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Incorporating Anchored Inflation Expectations in the Phillips Curve and in the Derivation of OECD Measures of Equilibrium Unemployment

Author

Listed:
  • Elena Rusticelli
  • David Turner

    (OECD)

  • Maria Chiara Cavalleri

    (OECD)

Abstract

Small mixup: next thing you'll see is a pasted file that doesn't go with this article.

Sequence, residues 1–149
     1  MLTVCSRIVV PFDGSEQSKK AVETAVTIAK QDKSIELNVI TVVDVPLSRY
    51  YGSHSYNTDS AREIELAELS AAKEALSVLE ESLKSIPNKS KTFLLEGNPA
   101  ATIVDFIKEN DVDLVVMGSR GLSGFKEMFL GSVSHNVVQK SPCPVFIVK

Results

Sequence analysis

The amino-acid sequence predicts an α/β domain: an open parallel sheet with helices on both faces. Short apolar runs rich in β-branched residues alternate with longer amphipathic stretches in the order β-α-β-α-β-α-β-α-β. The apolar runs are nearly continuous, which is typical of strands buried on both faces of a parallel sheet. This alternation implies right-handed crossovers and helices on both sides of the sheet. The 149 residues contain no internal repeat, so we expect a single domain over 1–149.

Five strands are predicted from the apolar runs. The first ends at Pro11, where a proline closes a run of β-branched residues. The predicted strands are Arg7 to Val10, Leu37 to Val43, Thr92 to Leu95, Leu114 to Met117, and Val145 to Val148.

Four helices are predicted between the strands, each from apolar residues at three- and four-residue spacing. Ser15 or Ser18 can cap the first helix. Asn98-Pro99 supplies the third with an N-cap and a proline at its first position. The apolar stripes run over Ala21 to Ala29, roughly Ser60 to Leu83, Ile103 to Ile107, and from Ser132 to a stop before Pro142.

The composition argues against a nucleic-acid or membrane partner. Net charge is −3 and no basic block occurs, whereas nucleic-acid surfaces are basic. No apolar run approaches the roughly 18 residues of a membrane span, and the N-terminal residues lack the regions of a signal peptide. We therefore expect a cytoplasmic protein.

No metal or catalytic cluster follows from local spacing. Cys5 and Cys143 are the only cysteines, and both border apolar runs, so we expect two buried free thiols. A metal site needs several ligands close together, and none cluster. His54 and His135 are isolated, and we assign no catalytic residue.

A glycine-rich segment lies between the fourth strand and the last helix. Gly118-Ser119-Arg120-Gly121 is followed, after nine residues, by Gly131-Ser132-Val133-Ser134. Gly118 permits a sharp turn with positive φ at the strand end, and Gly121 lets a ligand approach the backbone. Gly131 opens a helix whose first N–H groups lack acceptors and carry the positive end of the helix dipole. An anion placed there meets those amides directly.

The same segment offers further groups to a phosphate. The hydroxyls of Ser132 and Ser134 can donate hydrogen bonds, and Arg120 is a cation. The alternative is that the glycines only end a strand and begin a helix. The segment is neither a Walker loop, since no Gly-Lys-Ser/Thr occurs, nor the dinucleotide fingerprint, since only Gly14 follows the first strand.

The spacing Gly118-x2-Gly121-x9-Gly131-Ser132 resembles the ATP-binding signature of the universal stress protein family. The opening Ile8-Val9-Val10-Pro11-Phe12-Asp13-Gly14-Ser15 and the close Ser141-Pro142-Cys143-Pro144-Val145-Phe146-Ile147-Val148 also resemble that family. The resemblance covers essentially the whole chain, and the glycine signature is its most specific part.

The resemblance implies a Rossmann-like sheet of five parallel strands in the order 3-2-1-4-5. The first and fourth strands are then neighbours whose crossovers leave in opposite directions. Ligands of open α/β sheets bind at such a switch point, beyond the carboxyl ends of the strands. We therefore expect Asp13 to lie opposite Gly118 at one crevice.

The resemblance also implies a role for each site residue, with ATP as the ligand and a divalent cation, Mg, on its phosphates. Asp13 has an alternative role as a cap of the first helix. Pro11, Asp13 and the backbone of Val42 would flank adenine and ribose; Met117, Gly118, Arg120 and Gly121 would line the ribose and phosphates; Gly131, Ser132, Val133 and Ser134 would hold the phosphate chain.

Inflation has become much less sensitive to movements in unemployment in recent decades. A common explanation for this change is that inflation expectations have become better anchored as a consequence of credible inflation targeting by central banks. In order to evaluate this hypothesis, the paper compares two competing empirical specifications across all OECD economies, where competing specifications correspond to the ‘former’ and ‘new’ specification for deriving measures of the unemployment gap which underlie the OECD’s Economic Outlook projections. The former OECD specification can be characterised as a traditional ‘backward-looking’ Phillips curve, where current inflation is partly explained by an autoregressive distributed lag process of past inflation representing both inertia and inflation expectations formed on the basis of recent inflation outcomes. Conversely, the new approach adjusts this specification to incorporate the notion that inflation expectations are anchored around the central bank’s inflation objective. The main finding of the paper is that the latter approach systematically out-performs the former for an overwhelming majority of OECD countries over a recent sample period. Relative to the backward-looking specification, the anchored expectations approach also tends to imply larger unemployment gaps for those countries for which actual unemployment has increased the most. Moreover, the anchored expectations Phillips curve reduces real-time revisions to the unemployment gap, although these still remain uncomfortably large, in the case of countries where there have been large changes in unemployment. Intégrer des anticipations ancrées d'inflation à la courbe de Phillips pour le calcul de mesures du chômage d'équilibre L'inflation est devenue beaucoup moins sensible aux fluctuations du chômage au cours des dernières décennies. Une explication couramment avancée à cet égard, est que l'ancrage des anticipations d'inflation s'est amélioré. Ni cette explication ni l'approche économétrique retenue ne sont nouvelles, mais un des apports de ce document tient au fait que nous y utilisons deux spécifications économétriques différentes pour l'ensemble des économies de l'OCDE, celles-ci correspondant à l'« ancienne » et à la « nouvelle » spécifications employées pour calculer les mesures de l'écart de chômage sur lesquelles reposent les prévisions des Perspectives économiques de l'OCDE. L'ancienne spécification employée par l'OCDE peut être caractérisée comme une courbe de Phillips « rétrospective » classique, suivant laquelle l'inflation est expliquée en partie à l'aide d'un modèle autorégressif à retards échelonnés appliqué à l'inflation antérieure, représentant à la fois l'inertie de l'inflation et les anticipations d'inflation formées sur la base des récents résultats d'inflation. Inversement, la nouvelle approche consiste à ajuster cette spécification de manière à intégrer la notion que les anticipations d'inflation sont ancrées aux alentours de l'objectif d'inflation de la banque centrale. La principale conclusion de ce document est que la nouvelle approche donne systématiquement de meilleurs résultats que l'ancienne pour une écrasante majorité de pays de l'OCDE sur une période d'observation récente. Par rapport à la spécification rétrospective, l'approche fondée sur les anticipations ancrées tend également à mettre en évidence des écarts de chômage plus importants pour les pays où le taux de chômage effectif a le plus augmenté. En outre, la courbe de Phillips fondée sur des anticipations ancrées réduit les révisions en temps réel de l'écart de chômage, même si celles-ci restent d'une ampleur préoccupante, dans le cas des pays où le chômage a fortement varié.